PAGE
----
It took awhile for all of the data to finally arrive, and when it did, it confirmed that 2017-18 was a historic deer season. That season officially ended in early 2018, and state wildlife agencies crunched harvest data during the following months. Many states use national survey companies to assist with their efforts, and all had their data ready to share with us for our annual Whitetail Report by September 2018. However, the Alabama Department of Conservation and Natural Resources recognized an error in their harvest estimate, and it took a “back and forth” with their survey company through February 2019 to correct it. Now that all of the data is in, it’s possible to label the 2017-18 deer season as one of the most significant in the past two decades.
“We need to refocus some of our efforts on antlerless deer or we will lose the gains we’ve accomplished over the past two decades.”
Let me explain. The first deer season in modern history where hunters shot more antlerless deer than antlered bucks was 1999. This was during the rise of the Quality Deer Management (QDM) movement, and that season kicked off a trend in which antlerless harvest greatly outpaced that of antlered bucks for several seasons. However, during the past decade the antlerless harvest has dramatically declined again. Some of this was purposeful as aggressive antlerless harvests helped many states balance their deer herds with what the habitat could support, so reduced antlerless harvests were prescribed. This era paired with increasing predator populations and declining fawn recruitment rates, loss of habitat, and two 100-year hemorrhagic disease outbreaks within a five-year span (2007 and 2012). These factors, combined with a growing hunter apathy toward shooting antlerless deer, resulted in a 20 percent reduction in antlerless harvest from 2007 to 2017.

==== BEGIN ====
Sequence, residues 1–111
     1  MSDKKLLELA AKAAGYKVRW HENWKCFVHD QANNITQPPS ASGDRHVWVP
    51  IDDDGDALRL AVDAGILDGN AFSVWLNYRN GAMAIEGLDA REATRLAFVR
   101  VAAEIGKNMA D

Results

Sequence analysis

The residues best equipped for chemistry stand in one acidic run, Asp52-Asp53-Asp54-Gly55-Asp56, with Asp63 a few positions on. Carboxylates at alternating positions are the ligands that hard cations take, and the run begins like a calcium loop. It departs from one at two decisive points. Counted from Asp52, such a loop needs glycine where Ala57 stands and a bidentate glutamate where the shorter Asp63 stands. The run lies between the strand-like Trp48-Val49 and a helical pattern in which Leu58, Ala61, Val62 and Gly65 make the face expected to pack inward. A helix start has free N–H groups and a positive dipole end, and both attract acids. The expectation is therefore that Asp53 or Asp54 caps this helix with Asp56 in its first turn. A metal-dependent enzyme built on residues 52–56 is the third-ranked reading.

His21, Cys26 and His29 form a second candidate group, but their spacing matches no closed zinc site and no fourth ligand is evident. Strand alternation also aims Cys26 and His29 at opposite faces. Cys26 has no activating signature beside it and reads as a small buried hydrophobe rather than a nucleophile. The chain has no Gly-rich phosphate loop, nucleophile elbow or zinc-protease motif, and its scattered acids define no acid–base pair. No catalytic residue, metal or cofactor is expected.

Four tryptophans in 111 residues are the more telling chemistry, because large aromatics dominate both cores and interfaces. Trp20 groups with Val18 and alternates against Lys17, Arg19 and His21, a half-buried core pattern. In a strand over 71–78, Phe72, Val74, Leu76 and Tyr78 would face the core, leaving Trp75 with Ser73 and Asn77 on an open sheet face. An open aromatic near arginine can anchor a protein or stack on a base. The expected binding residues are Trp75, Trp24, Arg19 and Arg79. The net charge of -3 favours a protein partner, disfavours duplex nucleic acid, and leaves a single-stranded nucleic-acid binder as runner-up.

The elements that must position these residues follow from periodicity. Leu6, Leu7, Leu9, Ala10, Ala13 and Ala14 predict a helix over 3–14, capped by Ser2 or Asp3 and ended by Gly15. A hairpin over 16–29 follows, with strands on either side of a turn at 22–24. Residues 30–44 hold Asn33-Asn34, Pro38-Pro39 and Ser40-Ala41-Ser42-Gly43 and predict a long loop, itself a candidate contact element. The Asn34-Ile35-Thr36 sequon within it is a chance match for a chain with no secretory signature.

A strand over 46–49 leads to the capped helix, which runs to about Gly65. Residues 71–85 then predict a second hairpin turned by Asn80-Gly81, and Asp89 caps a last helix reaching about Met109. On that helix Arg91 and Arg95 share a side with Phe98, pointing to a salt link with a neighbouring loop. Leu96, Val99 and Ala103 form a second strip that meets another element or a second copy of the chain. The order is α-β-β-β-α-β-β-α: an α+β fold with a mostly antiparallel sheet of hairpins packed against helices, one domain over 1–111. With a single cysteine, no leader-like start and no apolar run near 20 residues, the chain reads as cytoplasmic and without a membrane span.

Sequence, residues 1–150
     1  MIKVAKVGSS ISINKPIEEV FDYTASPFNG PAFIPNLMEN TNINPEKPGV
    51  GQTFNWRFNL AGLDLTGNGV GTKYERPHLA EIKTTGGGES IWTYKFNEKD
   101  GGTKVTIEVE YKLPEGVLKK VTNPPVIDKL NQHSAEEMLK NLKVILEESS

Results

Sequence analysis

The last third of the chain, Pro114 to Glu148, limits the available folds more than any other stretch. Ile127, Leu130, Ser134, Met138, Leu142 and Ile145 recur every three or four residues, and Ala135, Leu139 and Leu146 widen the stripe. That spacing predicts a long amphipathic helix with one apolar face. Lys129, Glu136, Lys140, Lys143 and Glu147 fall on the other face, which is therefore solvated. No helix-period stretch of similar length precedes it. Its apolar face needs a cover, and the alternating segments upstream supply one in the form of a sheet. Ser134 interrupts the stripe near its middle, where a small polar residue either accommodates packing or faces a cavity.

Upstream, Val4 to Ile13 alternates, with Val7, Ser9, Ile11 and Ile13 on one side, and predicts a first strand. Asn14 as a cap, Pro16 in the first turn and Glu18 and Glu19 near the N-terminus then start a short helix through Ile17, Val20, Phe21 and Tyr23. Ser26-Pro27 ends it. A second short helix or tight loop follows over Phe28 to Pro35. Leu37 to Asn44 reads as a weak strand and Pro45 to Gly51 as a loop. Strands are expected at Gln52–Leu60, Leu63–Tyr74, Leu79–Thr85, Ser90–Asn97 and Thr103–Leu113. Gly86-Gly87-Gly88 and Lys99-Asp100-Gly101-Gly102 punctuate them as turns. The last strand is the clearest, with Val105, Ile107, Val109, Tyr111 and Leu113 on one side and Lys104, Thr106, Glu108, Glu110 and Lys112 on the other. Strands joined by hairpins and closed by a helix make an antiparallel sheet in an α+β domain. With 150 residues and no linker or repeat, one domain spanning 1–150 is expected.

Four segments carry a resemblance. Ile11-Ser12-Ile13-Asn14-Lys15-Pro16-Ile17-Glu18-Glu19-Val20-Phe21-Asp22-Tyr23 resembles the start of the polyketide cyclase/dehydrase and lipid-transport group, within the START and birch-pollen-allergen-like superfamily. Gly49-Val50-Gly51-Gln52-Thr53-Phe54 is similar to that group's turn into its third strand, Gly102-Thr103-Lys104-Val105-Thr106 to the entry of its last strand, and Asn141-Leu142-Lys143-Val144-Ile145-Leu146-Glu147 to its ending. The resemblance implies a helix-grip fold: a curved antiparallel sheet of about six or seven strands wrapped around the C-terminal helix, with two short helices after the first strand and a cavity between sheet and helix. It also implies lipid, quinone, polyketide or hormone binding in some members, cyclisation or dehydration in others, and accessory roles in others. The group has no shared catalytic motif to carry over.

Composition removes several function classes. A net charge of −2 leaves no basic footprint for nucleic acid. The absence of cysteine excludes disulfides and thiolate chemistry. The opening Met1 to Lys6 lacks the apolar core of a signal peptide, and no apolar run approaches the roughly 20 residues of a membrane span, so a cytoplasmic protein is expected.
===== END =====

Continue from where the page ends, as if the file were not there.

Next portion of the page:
The 2017 season was historic because it was the first time since 1998 that hunters shot more antlered bucks than antlerless deer. This graph shows the trend in these two numbers over recent history.
During this historic deer season, six of 13 states in the Midwest, eight of 13 in the Northeast, and seven of 11 in the Southeast (21 of 37 states in total) shot more antlered bucks than antlerless deer. These states are home to approximately 97 percent of whitetails and 97 percent of hunters in the United States and have the best long-term harvest data on whitetails. Some states such as Maine, New Hampshire and Vermont can have successful deer management programs by shooting more bucks, but that’s not true for the majority of states. It’s not that hunters don’t want to shoot deer: The 2017-18 buck harvest was 2,964,082, and that’s the highest total since QDMA began monitoring the national harvests in 2001 (this does not include a handful of western states that have whitetails but for which historical harvest data was unavailable). This figure is just 10,000 deer more than the estimated antlerless harvest of 2,954,629. What makes this even more interesting is from 2010 to 2016 the average buck bag limit in all states dropped from three to just over two bucks.
The most basic tenet of QDM is to balance the deer herd with the habitat by shooting the appropriate number of antlerless deer annually. We need to get back to basics with this in several states. This is especially true as chronic wasting disease (CWD) continues to spread. In most cases hunters are asked to shoot additional deer around new CWD focal areas. However, only 41 percent of hunters shoot a deer annually, and a mere 15 percent shoot more than one deer annually so our increasing buck harvest is occurring at a time of reduced hunter numbers, lowered buck bag limits, and declining hunter success rates. This clearly shows the current focus is on bucks while it’s trending away from antlerless deer.
Not everyone practicing QDM needs to harvest does. If the habitat can support more deer in healthy condition, doe harvest isn’t necessary, but this is not the case in many areas of most states. For wise stewardship of our natural resources, to maintain the current high quality of our hunting and buck harvest, and to combat the increasing spread of CWD, we need to refocus some of our efforts on antlerless deer or we will lose the gains we’ve accomplished over the past two decades.